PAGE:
The Texas Chainsaw Massacre (2003)
Ebert: Zero San Francisco Examiner: TV Guide:
Warning, minor plot points revealed!
For some reason that I don't quite understand the reviewers don't seem like this remake of The Texas Chainsaw Massacre. In fact they hate it. Ebert's review is so disparaging that you'd think he believes that they made the film just to upset him. I think the problem is the same as the issue that everyone seems to have with the new Star Wars films. They believe any attempt to remake something considered sacred to be heresy. History has apparently been revised to the point where people now consider the original 1974 Texas Chainsaw Massacre to be some sort of hallowed masterpiece.
These people and their hypocritical opinions sicken me. Back in 1974 reviewers thoughts toward the film were "Revolting!" and "A waste of time!" Now they're saying the same things or worse about the remake while at the same time praising the original as high art and the groundbreaking definitive work of the horror genre.
I for one have always liked the Texas Chainsaw Massacre. As you can see in this picture of me receiving the DVD for Christmas last year, I was already a fan long before I even knew they were making a remake. It's not my favorite horror movie but it's great for what it is. I even like the sequel with Dennis Hopper.
This new version is not a remake so much as a update that was inspired by the original. It still takes place in 1973 and the kids look like they just walked off the set of That 70's Show or Dazed and Confused. There are however, anachronisms here and there (at one point someone tells Leatherface to "bring it" and the dismembered head of Harry Knowles is on display in the basement kill-room at the farmhouse) that end up sort of putting the film out of time completely. So the most important thing to remember about the film is that it's more of a tribute than a remake.
The story is basically the same. Group of kids pick up deranged hitchhiker who leads them to a demented family of weirdo cannibals who happen to have a crazy disfigured son who used to work the killing floor at a slaughterhouse and now carves up stupid lost travelers with his chainsaw and feeds them to the family.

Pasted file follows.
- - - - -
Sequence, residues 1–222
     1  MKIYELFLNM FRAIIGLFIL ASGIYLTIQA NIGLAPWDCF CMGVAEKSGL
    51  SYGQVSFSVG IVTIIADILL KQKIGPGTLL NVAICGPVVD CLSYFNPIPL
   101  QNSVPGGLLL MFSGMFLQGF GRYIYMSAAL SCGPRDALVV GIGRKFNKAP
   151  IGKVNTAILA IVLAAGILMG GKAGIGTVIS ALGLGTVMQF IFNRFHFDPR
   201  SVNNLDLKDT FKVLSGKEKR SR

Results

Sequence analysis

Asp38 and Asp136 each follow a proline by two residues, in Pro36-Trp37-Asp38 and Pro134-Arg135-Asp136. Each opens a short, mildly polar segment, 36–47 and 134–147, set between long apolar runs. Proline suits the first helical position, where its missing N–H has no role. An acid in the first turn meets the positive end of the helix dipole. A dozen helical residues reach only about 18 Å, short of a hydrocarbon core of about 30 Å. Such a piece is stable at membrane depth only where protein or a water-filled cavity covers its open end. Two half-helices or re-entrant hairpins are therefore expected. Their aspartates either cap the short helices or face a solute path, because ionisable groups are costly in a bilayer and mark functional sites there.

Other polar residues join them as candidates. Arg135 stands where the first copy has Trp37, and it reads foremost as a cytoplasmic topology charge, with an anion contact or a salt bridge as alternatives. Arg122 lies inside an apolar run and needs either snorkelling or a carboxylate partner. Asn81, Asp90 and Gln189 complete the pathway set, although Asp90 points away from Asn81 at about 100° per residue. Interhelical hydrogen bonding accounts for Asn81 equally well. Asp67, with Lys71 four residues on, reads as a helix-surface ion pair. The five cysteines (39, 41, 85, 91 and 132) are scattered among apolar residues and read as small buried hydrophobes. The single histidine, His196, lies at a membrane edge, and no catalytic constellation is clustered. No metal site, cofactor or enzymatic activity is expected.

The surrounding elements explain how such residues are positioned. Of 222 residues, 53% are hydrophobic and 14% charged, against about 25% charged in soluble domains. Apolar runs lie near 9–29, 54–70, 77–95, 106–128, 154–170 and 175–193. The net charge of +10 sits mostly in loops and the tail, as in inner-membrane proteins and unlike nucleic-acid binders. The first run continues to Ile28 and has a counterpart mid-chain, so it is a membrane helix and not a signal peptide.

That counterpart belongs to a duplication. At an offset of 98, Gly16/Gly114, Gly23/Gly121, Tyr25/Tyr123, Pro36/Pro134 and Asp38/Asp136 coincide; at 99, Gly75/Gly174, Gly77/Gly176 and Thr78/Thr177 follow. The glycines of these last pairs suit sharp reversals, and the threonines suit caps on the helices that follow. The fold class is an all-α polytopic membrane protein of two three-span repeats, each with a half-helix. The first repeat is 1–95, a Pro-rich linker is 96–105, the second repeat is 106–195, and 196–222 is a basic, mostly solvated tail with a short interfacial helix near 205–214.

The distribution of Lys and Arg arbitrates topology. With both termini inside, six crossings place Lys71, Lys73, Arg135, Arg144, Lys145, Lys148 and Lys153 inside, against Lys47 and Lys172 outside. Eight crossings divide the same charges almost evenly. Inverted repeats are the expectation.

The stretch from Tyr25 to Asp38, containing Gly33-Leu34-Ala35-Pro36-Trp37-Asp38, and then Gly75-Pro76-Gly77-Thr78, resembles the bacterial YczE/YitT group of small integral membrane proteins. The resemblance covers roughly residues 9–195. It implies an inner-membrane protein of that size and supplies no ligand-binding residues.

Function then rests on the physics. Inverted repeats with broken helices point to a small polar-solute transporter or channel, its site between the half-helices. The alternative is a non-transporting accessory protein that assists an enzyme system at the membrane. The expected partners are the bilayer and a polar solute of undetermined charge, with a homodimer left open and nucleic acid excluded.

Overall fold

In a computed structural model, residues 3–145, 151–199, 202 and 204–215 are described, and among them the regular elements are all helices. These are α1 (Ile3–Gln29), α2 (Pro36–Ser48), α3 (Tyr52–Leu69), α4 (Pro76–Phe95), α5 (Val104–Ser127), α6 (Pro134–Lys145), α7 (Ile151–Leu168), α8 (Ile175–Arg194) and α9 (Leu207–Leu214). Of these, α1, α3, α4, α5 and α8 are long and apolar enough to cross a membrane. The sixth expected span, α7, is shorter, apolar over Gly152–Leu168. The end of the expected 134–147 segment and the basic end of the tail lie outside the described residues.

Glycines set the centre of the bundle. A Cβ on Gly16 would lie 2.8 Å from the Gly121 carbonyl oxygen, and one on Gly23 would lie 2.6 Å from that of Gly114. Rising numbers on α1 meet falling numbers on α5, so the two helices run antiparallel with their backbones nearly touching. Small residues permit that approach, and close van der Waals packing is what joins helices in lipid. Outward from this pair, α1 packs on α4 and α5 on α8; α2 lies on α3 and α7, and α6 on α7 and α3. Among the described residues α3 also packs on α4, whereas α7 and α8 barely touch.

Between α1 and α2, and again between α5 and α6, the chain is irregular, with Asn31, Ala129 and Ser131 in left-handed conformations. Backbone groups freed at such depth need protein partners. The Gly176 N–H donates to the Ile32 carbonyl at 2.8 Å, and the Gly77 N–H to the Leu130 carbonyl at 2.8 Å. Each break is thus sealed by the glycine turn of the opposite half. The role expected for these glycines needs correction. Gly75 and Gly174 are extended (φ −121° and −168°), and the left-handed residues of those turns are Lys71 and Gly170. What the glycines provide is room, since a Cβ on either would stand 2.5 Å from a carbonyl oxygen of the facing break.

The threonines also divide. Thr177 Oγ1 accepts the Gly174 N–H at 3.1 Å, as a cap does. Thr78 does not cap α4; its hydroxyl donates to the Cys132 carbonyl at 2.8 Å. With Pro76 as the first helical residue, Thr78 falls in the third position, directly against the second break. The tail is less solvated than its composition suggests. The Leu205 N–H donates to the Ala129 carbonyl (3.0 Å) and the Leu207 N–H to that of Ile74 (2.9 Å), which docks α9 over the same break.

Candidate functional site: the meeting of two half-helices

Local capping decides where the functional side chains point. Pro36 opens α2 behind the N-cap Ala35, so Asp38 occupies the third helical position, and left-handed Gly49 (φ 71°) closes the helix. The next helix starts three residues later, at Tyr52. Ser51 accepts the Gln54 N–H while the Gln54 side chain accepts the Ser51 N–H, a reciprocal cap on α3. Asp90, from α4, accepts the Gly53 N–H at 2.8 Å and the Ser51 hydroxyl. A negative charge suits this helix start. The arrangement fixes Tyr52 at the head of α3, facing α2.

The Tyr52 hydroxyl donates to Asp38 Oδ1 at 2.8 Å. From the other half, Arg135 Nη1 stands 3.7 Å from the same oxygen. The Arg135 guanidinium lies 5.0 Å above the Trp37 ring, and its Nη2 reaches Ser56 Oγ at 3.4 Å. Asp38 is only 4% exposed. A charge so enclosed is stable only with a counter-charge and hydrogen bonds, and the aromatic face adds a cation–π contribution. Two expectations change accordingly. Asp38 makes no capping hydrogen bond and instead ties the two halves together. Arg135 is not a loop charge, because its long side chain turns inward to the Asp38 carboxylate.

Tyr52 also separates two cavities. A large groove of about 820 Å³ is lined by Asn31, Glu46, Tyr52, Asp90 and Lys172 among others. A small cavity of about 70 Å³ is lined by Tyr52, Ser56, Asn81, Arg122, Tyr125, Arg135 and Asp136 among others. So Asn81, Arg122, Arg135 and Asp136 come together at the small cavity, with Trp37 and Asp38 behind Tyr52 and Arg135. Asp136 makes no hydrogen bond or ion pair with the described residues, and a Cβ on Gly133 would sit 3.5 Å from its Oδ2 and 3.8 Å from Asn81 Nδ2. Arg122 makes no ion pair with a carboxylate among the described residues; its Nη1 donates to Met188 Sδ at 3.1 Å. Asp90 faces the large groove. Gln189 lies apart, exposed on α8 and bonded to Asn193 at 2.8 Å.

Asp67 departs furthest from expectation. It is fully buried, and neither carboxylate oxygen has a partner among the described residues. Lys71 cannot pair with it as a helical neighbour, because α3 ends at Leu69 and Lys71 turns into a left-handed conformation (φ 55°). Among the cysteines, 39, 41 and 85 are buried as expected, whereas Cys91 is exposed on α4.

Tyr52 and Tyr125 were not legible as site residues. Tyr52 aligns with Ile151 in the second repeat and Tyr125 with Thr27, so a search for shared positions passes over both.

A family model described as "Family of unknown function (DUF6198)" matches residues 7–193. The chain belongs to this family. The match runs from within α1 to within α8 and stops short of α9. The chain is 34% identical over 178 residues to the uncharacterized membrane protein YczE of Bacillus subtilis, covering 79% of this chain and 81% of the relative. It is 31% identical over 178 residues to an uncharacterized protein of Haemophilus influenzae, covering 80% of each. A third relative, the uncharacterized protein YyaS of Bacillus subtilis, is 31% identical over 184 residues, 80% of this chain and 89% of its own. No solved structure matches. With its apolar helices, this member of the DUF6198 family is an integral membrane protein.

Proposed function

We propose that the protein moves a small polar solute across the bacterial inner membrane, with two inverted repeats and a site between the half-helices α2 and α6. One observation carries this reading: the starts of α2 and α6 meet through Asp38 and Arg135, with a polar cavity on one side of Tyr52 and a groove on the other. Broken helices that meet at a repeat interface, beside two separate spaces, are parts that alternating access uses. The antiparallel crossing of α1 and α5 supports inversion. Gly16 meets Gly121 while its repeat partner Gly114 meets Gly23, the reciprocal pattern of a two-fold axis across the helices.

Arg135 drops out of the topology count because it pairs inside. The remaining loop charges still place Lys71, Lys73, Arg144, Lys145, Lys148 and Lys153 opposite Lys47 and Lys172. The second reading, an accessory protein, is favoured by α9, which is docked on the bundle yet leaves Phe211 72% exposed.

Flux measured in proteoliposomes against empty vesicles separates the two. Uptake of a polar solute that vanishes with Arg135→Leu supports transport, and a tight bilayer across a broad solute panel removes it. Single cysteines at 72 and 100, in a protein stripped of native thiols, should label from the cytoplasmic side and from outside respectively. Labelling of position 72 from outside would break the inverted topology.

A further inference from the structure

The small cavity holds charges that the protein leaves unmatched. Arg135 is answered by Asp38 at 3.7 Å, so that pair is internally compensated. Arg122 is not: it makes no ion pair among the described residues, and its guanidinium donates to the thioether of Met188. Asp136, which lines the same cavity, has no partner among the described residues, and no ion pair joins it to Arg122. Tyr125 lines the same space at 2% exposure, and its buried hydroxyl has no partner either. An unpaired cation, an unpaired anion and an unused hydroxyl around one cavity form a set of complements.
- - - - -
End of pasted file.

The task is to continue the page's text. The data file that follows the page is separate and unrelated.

The director of the 1974 version was Tobe Hooper who went on to direct classics like Poltergeist and Salem's Lot. The director of this version is Marcus Nispel who has previously directed primarily music videos. It is a common and tired trend for arrogant film reviewers to say bad things about directors who learned their craft by helming music videos. Their rapid fire editing technique that has crept into mainstream movies is considered to be the downfall of modern cinema. I hate this criticism as well and think that the problem lies more in the fact that people who tirelessly cling to all the old movie making techniques just can't process information as fast as contemporary society. If you can't keep up then quit. We don't need you along for the ride whining from the back seat that we're going to fast.
The gore in this movie is way over the top. The original Chainsaw actually has very limited gore compared to current horror and action films. This movie though takes it's grossness to the extreme. Leatherface's basement killing room, the family's farm house, mobile home and gas station, the old run down slaughterhouse and the the kids van after the hitcher messes it up are all gag inducing. Almost the entire movie takes place in conditions so filthy and unsanitary you feel as if you might catch a disease just from watching it.
The actors all do a good job. The kids make for perfect dopey sexy teenage stoner chainsaw-fodder. Jessica Biel does a great job as the durable lead girl who will make it through to the end if the story stays true to the original. The rest of the cast all go out with style. Andrew Bryniarski does fine as Leatherface. If you're a big guy who can run with a chainsaw while wearing a mask and squeal and grunt like a pig then you are perfectly equipped for this role. My old pal R. Lee Ermey (The drill sergeant in Full Metal Jacket) hams it up as the Sheriff who's just as crazy as everyone else in town since they're all part of the same sick twisted clan. And the supporting players who make up the family are all disgusting in their own special ways. It looks like they cast those roles with a bunch of carnival employees and side show freaks. And finally, reprising his first acting gig from the original Massacre, John Larroquette returns as The Narrator.
Is the new Texas Chainsaw Massacre worth watching? It depends. Did you like the first film? If so then yes, just don't act all snobby and pretend that the original was so much better. The 1974 version was made with an obvious shoestring budget while this new version actually spent a little money to gross you out. Respect the effort and see it for the nauseating fun of it.